All four of these actions would be disturbing on their own, but taken together they represent an unprecedented attack on voting rights by the Trump administration and Republican Congress. The actions by Kobach, in particular, appear to mark the beginning of a nationwide voter-suppression campaign, based on spreading lies about voter fraud to justify enacting policies that purge the voter rolls, and make registration and voting more difficult.
How would Kobach use this data? Look at his efforts in Kansas. His Interstate Crosscheck program compares registration lists among states to search for double voting, but because it uses very rudimentary data—only voters’ first and last names and date of birth—it generates thousands of false matches, leading to misleading claims about the prevalence of double voting that results in legitimate voters being removed from the rolls. Academics have found that Crosscheck could lead to 200 voters’ being wrongly removed from the rolls for every double vote found.
Right now 32 states are part of Crosscheck. If Kobach got voter data from all 50 states, he could run the program nationwide, leading to thousands of false cases of double voting, voters’ being wrongly purged from the rolls, and erroneous prosecutions for voter fraud.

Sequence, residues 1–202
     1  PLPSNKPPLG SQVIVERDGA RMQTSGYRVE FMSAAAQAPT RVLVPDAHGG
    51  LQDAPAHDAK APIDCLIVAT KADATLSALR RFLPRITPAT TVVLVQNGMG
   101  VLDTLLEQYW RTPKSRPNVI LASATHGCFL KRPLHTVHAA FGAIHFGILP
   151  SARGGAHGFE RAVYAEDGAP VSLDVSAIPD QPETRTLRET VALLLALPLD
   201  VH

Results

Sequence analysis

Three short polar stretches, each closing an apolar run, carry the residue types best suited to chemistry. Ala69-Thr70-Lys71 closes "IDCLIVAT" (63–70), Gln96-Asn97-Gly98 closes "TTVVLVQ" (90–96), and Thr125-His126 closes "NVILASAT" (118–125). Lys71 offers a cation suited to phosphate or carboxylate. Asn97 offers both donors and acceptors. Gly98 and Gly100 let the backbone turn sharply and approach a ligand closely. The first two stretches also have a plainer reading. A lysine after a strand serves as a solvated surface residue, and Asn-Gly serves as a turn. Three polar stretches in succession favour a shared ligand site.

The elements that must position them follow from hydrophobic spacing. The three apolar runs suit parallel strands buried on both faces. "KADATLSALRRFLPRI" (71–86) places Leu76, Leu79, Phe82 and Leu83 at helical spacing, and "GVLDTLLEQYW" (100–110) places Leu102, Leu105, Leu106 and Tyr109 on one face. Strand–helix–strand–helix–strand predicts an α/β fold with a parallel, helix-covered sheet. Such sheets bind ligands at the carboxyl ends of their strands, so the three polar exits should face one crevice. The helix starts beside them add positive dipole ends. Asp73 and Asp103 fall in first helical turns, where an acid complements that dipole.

Kobach has used similarly dubious means to argue that registration and voting by noncitizens is “pervasive” and to justify Trump’s debunked claim that 3 million to 5 million people voted illegally. But although Kobach is the only secretary of state in the country with the power to prosecute voter-fraud cases, he’s convicted only one noncitizen of illegally voting in Kansas. That’s probably because it makes no sense that a noncitizen would vote illegally and risk deportation from the United States.
Why does he want to do this? By making voter fraud seem rampant, he can build support for policies like requiring documentary proof of citizenship to register to vote, which has blocked one in seven Kansans from registering since 2013. Nearly half of them are under 30. Kobach says he wants to see proof-of-citizenship laws and similar voting restrictions adopted in every state.
Luckily, election officials from states including California, Kentucky, and Virginia have said they’ll refuse to comply with Kobach’s request, calling the commission “an attempt to legitimize voter suppression efforts across the country” (Kentucky), “a waste of taxpayer money and a distraction from the real threats to the integrity of our elections today” (California), and “a pretext to validate Donald Trump’s alternative election facts” (Virginia).